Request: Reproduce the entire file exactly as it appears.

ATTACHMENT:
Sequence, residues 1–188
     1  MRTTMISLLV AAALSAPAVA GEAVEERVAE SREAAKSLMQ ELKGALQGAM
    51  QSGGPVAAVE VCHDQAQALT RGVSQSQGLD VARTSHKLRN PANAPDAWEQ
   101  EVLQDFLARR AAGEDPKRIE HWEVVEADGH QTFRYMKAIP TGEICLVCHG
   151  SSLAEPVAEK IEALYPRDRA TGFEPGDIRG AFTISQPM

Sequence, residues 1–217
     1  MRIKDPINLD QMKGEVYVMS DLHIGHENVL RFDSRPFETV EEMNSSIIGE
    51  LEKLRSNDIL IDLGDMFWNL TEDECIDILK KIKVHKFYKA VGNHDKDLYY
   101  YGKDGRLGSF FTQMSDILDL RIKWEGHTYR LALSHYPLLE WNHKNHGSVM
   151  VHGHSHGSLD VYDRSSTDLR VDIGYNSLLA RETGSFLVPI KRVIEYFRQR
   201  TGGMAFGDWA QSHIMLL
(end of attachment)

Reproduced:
Sequence, residues 1–188
     1  MRTTMISLLV AAALSAPAVA GEAVEERVAE SREAAKSLMQ ELKGALQGAM
    51  QSGGPVAAVE VCHDQAQALT RGVSQSQGLD VARTSHKLRN PANAPDAWEQ
   101  EVLQDFLARR AAGEDPKRIE HWEVVEADGH QTFRYMKAIP TGEICLVCHG
   151  SSLAEPVAEK IEALYPRDRA TGFEPGDIRG AFTISQPM

Sequence, residues 1–217
     1  MRIKDPINLD QMKGEVYVMS DLHIGHENVL RFDSRPFETV EEMNSSIIGE
    51  LEKLRSNDIL IDLGDMFWNL TEDECIDILK KIKVHKFYKA VGNHDKDLYY
   101  YGKDGRLGSF FTQMSDILDL RIKWEGHTYR LALSHYPLLE WNHKNHGSVM
   151  VHGHSHGSLD VYDRSSTDLR VDIGYNSLLA RETGSFLVPI KRVIEYFRQR
   201  TGGMAFGDWA QSHIMLL